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Title: Studies on the respiratory tract biology of nitric oxide
Author: Chambers, Daniel Charles
ISNI:       0000 0004 2672 8200
Awarding Body: The University of Birmingham
Current Institution: University of Birmingham
Date of Award: 2002
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Nitric oxide (NO) is a highly reactive, ubiquitous respiratory tract product with numerous biological activities. After examining the methodology of the measurement of NO in the exhaled breath, we found that chronic cigarette smoking (n=74, 40 female) lowered exhaled NO, while acute smoking (n=24, 13 female) increased exhaled NO. Since these effects may have related to the chemical reactivity of NO, we studied the effect of oxidant (nitrogen dioxide), antioxidant (ascorbic acid), and D-arginine exposure on exhaled NO. While nitrogen dioxide exposure (n=10, 7 female, 1.5 ppm for 20 minutes) lowered exhaled NO between 1 and 3 hours after exposure, ascorbic acid exposure (n=20, 14 female, 1g daily for 2 weeks) had no effect. D-arginine exposure (n=8, 7 female, 2.5g) increased exhaled NO, suggesting that NO may be formed non-enzymatically from arginine. Finally, the nasal exchange dynamics of NO were studied. NO release was a positive function of luminal gas flow due to a change in mucosal equilibrium. A mathematical model allowed the determination of the nasal mucosal NO concentration and diffusing capacity. In summary, the chemical reactivity of NO may affect biological activity. The human nose provides a convenient source of NO producing mucosa for further in vivo study.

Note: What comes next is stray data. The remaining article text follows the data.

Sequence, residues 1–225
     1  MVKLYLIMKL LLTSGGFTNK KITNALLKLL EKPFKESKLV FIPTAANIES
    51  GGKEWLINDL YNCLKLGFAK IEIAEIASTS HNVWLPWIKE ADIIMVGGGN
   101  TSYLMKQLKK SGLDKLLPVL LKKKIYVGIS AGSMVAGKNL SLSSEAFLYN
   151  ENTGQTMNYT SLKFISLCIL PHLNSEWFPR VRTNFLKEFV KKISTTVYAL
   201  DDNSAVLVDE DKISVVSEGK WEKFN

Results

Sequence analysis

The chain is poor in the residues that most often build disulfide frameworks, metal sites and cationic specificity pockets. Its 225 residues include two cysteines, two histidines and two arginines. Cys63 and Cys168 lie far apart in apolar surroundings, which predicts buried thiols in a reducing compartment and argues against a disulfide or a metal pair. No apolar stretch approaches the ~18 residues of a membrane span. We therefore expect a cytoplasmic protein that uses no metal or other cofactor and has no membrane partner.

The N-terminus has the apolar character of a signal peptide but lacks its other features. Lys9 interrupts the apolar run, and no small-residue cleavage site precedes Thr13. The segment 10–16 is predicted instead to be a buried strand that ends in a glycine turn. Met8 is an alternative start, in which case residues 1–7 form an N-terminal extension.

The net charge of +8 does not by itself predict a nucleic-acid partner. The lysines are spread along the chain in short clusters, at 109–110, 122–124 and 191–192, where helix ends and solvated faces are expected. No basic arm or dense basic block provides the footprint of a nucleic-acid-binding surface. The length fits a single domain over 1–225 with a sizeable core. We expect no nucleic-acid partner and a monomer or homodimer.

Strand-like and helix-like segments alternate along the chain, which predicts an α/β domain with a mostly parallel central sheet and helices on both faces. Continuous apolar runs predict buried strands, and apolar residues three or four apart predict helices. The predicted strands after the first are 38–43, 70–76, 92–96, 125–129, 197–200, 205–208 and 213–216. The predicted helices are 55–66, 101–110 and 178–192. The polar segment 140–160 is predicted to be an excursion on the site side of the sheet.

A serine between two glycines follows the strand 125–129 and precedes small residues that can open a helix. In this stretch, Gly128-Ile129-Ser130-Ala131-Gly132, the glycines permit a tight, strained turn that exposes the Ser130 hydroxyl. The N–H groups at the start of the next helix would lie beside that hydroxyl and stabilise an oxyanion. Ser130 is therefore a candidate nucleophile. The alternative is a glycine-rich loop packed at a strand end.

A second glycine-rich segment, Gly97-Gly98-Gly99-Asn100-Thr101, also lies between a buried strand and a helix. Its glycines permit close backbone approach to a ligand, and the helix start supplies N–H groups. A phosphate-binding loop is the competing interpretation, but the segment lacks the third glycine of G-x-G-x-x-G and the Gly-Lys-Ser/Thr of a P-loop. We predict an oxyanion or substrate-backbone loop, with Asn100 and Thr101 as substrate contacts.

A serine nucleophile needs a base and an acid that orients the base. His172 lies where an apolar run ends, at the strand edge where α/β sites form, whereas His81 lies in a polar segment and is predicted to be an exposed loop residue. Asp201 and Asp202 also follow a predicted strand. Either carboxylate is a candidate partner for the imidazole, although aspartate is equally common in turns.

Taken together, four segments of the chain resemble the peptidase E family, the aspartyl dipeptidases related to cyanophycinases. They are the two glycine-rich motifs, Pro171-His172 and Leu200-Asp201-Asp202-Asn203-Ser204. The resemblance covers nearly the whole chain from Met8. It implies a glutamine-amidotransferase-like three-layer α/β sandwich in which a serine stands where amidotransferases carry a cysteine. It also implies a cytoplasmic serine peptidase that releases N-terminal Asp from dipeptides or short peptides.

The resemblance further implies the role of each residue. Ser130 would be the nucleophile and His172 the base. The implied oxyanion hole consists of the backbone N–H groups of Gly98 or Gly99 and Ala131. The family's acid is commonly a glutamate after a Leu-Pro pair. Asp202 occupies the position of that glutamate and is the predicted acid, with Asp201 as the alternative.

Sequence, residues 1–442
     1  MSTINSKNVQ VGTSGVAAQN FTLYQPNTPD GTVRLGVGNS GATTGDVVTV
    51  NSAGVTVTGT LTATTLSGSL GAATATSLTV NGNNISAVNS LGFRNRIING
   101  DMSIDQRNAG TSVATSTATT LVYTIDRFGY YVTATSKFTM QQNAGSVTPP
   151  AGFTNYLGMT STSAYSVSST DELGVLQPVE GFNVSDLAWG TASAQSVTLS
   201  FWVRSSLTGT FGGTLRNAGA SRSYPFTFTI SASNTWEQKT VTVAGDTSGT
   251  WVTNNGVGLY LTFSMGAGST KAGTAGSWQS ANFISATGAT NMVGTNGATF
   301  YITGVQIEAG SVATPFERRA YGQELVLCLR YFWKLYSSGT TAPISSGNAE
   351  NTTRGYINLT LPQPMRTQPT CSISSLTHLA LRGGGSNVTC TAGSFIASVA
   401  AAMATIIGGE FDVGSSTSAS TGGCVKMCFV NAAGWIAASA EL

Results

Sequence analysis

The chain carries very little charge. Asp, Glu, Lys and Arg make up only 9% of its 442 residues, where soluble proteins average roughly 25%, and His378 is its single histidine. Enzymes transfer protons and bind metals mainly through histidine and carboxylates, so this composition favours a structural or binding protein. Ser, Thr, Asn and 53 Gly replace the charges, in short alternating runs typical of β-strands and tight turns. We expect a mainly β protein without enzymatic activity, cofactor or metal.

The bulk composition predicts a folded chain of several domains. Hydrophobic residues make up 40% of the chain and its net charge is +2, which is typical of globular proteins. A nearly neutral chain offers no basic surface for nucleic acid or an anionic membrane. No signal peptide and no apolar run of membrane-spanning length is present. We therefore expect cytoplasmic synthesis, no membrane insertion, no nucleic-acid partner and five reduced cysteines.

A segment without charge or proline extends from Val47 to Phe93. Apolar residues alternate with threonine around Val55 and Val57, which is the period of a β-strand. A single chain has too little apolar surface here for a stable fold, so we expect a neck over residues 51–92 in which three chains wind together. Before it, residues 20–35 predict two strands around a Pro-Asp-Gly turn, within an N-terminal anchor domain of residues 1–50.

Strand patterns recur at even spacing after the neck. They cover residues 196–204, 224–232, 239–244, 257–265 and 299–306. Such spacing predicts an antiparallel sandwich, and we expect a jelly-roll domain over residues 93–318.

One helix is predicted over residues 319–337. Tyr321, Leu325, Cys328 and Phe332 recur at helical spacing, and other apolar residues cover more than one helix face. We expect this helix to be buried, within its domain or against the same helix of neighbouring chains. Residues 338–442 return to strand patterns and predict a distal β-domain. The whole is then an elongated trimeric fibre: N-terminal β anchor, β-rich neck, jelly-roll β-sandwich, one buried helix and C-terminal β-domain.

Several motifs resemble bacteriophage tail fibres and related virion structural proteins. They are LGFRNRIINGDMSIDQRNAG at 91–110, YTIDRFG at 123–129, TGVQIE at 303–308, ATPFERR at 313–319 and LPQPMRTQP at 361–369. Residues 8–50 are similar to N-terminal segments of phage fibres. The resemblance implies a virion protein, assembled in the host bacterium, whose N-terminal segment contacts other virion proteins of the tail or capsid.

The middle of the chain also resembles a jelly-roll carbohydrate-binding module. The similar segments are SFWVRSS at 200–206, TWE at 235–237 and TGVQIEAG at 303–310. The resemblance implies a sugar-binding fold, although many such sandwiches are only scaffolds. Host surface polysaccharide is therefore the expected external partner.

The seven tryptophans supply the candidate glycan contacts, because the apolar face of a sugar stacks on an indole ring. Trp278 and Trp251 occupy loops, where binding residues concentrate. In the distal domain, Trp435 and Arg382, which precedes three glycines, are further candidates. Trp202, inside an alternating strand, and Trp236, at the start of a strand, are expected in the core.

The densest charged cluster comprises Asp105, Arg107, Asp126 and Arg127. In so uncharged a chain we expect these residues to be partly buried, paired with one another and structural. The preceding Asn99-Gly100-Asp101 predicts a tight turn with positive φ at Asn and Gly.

Supervisor: Not available Sponsor: Not available
Qualification Name: Thesis (Ph.D.) Qualification Level: Doctoral
EThOS ID:  DOI: Not available